Por Primera Vez, César Moro, 1935. The Getty Research Institute, 980029 © Andre Coyne

I fell in love with the work of Brazilian artist María Martins, whose exotic, erotic, and Afro-indigenous-influenced sculptures served as a discreet attack on the Brazilian establishment—an establishment that her husband, as the Brazilian ambassador in New York, represented.

I learned that André Breton‘s 1945 speech in Haiti (organized in part by Cuban quasi-Surrealist Wilfredo Lam) and the Haitians’ embrace of the anti-fascist nature of Surrealism were catalysts for the revolutionary coup of 1946.

I enjoyed hearing about the research on the rich intellectual exchange among Surrealist artists and writers across the Americas and Europe. Wolfgang Paalen’s Dyn magazine, published in Mexico, provided plenty of intellectual fuel for the entire Surrealist movement, such as its thought-provoking analysis of Surrealist traits in Amerindian art. Magazines outside of Latin America, such as the New York-based VVV, endorsed by André Breton, featured Latin American Surrealists prominently. Interestingly enough, VVV and Dyn were at odds: André Breton held fast to his Surrealist Manifesto, while Wolfgang Paalen strove to move Surrealism beyond metaphysics and mysticism and into an embrace with the sciences.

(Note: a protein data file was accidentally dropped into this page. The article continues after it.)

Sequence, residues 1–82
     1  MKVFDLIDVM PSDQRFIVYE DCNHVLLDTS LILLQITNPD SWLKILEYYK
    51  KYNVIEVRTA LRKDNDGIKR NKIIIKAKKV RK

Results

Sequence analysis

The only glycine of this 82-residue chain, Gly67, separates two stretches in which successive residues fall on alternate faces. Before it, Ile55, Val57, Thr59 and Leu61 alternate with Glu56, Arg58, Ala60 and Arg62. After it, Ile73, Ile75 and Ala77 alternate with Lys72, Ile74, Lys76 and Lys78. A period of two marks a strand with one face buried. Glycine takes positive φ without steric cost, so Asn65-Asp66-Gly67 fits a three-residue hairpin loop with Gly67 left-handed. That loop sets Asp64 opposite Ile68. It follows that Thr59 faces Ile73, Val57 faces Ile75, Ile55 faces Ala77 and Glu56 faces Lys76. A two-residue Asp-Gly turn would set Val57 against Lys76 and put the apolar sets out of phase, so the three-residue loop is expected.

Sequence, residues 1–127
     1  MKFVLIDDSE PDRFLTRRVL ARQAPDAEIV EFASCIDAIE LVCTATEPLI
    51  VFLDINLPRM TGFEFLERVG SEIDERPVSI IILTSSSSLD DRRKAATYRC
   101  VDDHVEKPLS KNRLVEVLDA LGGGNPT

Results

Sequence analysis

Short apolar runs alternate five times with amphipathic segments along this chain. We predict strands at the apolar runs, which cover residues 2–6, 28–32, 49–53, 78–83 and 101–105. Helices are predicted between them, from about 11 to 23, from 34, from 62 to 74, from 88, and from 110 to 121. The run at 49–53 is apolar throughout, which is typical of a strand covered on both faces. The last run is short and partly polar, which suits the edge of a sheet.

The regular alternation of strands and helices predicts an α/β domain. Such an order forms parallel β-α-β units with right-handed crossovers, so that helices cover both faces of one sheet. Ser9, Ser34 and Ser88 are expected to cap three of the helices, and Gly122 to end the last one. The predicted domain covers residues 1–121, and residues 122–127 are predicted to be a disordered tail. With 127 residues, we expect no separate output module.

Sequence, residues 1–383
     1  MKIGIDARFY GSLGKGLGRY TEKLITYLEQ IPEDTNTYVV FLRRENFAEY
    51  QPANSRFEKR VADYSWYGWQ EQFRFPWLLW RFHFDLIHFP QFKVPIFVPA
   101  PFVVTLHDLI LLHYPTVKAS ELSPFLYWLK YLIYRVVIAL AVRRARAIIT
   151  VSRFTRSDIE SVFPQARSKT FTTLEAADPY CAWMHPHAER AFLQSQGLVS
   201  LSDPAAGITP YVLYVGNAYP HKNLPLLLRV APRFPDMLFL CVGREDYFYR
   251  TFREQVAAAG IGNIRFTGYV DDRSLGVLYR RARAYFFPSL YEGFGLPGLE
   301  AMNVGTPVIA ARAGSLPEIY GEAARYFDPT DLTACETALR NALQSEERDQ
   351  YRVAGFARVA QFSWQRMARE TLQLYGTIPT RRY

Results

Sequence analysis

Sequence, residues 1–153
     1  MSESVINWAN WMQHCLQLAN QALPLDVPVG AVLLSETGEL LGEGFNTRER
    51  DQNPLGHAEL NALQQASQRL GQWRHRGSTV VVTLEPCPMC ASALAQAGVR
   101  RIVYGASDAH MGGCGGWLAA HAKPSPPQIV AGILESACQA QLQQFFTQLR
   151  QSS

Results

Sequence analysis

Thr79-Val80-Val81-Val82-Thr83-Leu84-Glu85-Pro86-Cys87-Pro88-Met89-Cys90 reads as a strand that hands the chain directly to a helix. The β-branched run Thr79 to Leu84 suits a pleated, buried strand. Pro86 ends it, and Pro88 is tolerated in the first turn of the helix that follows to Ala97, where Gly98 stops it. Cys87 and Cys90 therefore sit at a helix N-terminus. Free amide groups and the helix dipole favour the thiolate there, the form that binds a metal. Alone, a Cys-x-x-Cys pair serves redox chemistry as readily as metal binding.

Terri Geis, research assistant at LACMA, at the podium. Images shown: Cover of VVV magazine, Issue No. 4, March 1943 (left); goddess sculpture by María Martins featured in the magazine (right)

Terri Geis, research assistant at LACMA, at the podium. Images shown: Cover of VVV magazine, Issue No. 4, March 1943 (left); goddess sculpture by María Martins featured in the magazine (right)